*** Actually, this could also apply to books with black characters, or Native American characters, or differently abled characters, or any group whose existence is underrepresented or often challenged in literature and you would like to see more books with them. It is more Capitalism 101 to say that the business world loves success and tries to duplicate it endlessly -- witness the spate of paranormal romance titles in the wake of Twilight. Make a real success happen for a book you love, and more books like it will follow.

Thursday, November 12, 2009

I'm Ba-a-ck!

Back-ish, anyway. I spoke at the Western Washington SCBWI retreat last weekend -- a lovely conference -- and two of my three Fall 2010 novels are now in copyediting, with the next to follow within the week (right, Author Who Should Be Revising Rather Than Reading This Blog or Facebook*?), so I am now free, by my own standards, to blog again at will. But it seems to be taking a little time to move my brain from a work place to a blog-writing place, so here are some tidbits to get it going again:

  • Kidlit Drinks Night tonight (Thursday the 12th) at the Globe Bar on 23rd! I'll be there at 6; Betsy will join us at 7-ish; all shall be swanky.
  • A lovely, lovely book I edited, The Snow Day by Komako Sakai, was named a New York Times Best Illustrated Book! It has also been named a Kirkus Reviews Best Book for Children. I adore this book for how beautifully it evokes a day spent inside, waiting for the snow to stop, but there's a real emotional wallop to it, as you realize how very present the missing character actually is all that day. Writers, if you're going to do a quiet book, this is a good model for its careful precision, pacing, and scope.
  • And Marcelo in the Real World by Francisco X. Stork was named both a Publishers Weekly Best Book and an Teens Top Ten.
  • And The Snow Day, Bobby vs. Girls (Accidentally) by Lisa Yee, and Wishworks Inc. by Stephanie Tolan were all named to the New York Public Library's One Hundred Titles for Reading and Sharing.
  • And in AALB-wide accolades, Tales from Outer Suburbia by Shaun Tan was both a NYT Best Illustrated and a PW Best Book, and Lips Touch by Laini Taylor was also a PW Best Book, and Blue Mountain Trouble by Martin Mordecai was also a Kirkus Best Book!
  • My church's annual holiday crafts fair -- a great place to pick up beautiful handmade gifts and participate in a silent auction for services from local businesses -- will be this Saturday from 9 a.m. to 3:30 p.m. at Camp Friendship, on 8th St. just below 6th Ave. in Park Slope. I will again be donating an hour of editorial services of some kind (bidder's choice) for the silent auction (opening bid $40, all proceeds to benefit the church); if you're interested in bidding remotely, e-mail me at the address associated with my website.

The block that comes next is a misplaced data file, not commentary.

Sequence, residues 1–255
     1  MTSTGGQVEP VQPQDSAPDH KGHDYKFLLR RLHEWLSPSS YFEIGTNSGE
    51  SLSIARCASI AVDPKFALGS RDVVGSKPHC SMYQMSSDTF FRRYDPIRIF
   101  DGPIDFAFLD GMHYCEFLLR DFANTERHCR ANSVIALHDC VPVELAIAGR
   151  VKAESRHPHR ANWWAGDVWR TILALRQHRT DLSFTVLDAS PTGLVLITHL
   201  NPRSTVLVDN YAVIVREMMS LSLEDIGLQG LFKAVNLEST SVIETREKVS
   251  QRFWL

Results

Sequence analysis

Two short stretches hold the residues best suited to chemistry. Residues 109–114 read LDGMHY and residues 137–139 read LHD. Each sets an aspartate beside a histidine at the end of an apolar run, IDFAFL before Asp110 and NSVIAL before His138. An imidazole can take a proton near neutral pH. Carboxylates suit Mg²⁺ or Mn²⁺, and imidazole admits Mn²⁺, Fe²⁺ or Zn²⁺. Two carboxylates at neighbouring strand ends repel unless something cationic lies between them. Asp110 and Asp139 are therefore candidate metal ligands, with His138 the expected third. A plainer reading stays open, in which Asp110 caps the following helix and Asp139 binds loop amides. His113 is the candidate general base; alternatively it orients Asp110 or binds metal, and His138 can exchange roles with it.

• And speaking of my website, I finally reestablished links to my complete book list and a bunch of other resources on the Etc. page, like the Annotated Query Letter from Hell.
I think that will do for a blog-brain warm-up. In the words of Jim Anchower, I look forward to rapping at you again soon.**

* Kidding, with great love and understanding, since I am always, always Editor Who Should Be Reading a Manuscript Rather Than Writing This Blog or Facebook.
** Or in the words of Smoove B, I have missed you, my one true blog reader, and I will soon break it down with you again. Damn.

Sunday, November 01, 2009

Welcome, SLJ Readers! + Next Kidlit Drinks Night

If you're coming here for the first time because of Betsy's kind article in School Library Journal, thank you for stopping by! I appreciate the time and attention. I'm a senior editor at Arthur A. Levine Books/Scholastic, where I edit and publish a wide range of books, and I've also been a blogger here at Brooklyn Arden since 2005 -- sometimes about personal stuff, sometimes work or kidlit or writing stuff, sometimes recipes, sometimes nonsense. I also have a website where many of my past talks for writers are archived, at, plus I Twitter.

As you'll see from my post on October 1 below, the blog has mostly been on hiatus for the last month while I've been concentrating on work projects and some upcoming speeches I'm giving; but you might be interested in these past posts about children's literature or writing:

(A little aside to longtime blog readers: The green satin cocktail dress I cite as one of my favorite things in life? It's the one I'm wearing in the picture that accompanies the article -- very Mad Men.)

And for everyone: Our next NYC Kidlit Drink Night will be Thursday, November 12, at the Globe Bar on 23rd St., between Lexington and 3rd Ave. -- the very bar where the cover and photos for that article were shot. The festivities will start a little after six. If you'd like to get an e-mail reminder about this or be on the mailing list for future Kidlit Drink Nights, send a message to nyckidlitdrinks at gmail dot com and we'll sign you up.

Thank you again for visiting; please come back; and happy November!